Mona Sahlin was forced to step down earlier this year in the wake of a scandal sparked by media reports alleging she had claimed her bodyguard earned more than he did so he could buy an apartment.
On Wednesday she was questioned for two hours on criminal suspicion of providing false certifications on three occasions. The bodyguard is formally suspected of using the false documents.
“She has written that this bodyguard has an income that he does not actually have,” prosecutor Håkan Roswall told the Aftonbladet tabloid.
Sahlin's lawyer said she denied any criminal offence and certainly denied any intent.
“The information she has given in these documents were correct at the time she wrote them,” said Claes Borgström, but welcomed the interrogation. “Mona Sahlin has not been able to defend herself earlier. But her position is clear and well-founded,” he added.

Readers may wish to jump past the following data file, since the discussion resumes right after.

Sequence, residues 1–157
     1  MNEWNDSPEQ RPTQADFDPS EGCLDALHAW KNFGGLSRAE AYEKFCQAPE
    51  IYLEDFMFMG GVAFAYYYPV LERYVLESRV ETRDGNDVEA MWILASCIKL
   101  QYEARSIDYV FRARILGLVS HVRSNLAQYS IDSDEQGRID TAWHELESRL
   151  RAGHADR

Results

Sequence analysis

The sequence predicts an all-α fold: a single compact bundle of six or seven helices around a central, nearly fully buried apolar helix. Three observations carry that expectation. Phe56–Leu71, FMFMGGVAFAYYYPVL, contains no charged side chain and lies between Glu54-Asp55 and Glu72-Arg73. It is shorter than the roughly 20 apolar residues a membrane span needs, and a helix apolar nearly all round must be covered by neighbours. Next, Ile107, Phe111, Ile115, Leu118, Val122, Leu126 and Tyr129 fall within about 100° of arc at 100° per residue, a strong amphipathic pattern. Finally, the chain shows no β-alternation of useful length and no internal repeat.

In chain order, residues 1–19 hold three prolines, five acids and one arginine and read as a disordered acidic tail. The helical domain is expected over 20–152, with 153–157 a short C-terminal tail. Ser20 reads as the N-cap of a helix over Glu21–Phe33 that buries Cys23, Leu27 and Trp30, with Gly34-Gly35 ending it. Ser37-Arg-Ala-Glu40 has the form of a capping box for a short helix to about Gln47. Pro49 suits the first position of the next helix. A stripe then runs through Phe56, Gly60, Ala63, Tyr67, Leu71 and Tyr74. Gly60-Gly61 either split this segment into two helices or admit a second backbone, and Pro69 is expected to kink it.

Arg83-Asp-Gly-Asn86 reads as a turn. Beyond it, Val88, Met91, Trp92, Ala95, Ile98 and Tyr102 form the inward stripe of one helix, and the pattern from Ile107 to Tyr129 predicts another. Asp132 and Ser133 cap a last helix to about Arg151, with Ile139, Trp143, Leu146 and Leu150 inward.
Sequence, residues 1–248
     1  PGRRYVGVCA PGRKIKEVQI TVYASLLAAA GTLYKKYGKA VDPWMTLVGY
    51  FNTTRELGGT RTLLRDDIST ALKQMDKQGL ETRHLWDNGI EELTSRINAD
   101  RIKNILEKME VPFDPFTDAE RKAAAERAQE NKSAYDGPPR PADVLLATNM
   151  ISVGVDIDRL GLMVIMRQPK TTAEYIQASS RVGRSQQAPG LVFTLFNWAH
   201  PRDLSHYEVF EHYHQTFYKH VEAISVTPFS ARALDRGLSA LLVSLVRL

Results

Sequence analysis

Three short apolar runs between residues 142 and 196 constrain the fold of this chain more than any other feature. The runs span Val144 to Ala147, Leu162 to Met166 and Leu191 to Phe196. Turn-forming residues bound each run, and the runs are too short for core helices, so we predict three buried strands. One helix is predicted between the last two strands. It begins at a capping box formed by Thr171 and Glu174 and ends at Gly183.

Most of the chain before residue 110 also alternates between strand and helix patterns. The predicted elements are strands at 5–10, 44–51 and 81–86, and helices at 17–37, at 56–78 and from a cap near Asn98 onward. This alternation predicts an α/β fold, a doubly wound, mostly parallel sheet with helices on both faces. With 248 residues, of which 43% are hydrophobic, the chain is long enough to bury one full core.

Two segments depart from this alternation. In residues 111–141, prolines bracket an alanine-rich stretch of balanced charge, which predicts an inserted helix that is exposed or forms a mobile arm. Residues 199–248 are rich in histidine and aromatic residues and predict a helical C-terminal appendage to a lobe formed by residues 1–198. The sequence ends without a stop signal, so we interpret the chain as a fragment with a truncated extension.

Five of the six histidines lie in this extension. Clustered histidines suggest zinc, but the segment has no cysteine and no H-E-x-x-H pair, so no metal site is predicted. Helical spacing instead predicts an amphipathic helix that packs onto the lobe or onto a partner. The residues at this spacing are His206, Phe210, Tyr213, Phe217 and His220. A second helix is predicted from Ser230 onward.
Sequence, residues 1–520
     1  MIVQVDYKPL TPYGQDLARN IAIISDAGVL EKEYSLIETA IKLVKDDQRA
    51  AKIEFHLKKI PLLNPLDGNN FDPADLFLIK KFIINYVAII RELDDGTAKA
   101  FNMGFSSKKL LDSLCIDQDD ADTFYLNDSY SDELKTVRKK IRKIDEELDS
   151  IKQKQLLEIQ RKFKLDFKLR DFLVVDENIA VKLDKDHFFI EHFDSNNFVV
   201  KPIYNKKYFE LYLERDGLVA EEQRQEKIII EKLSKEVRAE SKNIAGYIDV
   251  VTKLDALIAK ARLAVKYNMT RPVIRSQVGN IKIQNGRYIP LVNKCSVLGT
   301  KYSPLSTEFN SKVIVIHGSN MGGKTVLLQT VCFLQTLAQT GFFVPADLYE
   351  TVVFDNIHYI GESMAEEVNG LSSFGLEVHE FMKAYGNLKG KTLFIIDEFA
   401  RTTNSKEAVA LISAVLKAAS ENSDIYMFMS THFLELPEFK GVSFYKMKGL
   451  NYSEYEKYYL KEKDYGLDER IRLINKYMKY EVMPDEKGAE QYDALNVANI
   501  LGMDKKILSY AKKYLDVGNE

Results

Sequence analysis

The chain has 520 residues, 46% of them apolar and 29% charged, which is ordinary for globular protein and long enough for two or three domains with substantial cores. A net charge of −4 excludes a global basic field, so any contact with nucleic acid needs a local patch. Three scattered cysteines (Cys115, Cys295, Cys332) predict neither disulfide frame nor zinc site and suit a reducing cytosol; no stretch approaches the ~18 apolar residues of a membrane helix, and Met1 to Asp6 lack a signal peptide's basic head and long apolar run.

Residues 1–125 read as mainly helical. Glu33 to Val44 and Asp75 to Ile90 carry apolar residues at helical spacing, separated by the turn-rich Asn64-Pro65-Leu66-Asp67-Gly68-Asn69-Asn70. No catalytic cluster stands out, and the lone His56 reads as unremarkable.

The bodyguard's lawyer said that his client was being questioned by investigators and did not yet wish to comment.
When the allegations first broke this spring, Swedish media were quick to point out similarities to the so-called Toblerone case of 1995 when Sahlin, then deputy prime minister of a Social Democrat government, was found to have used her government credit card to pay for private expenses.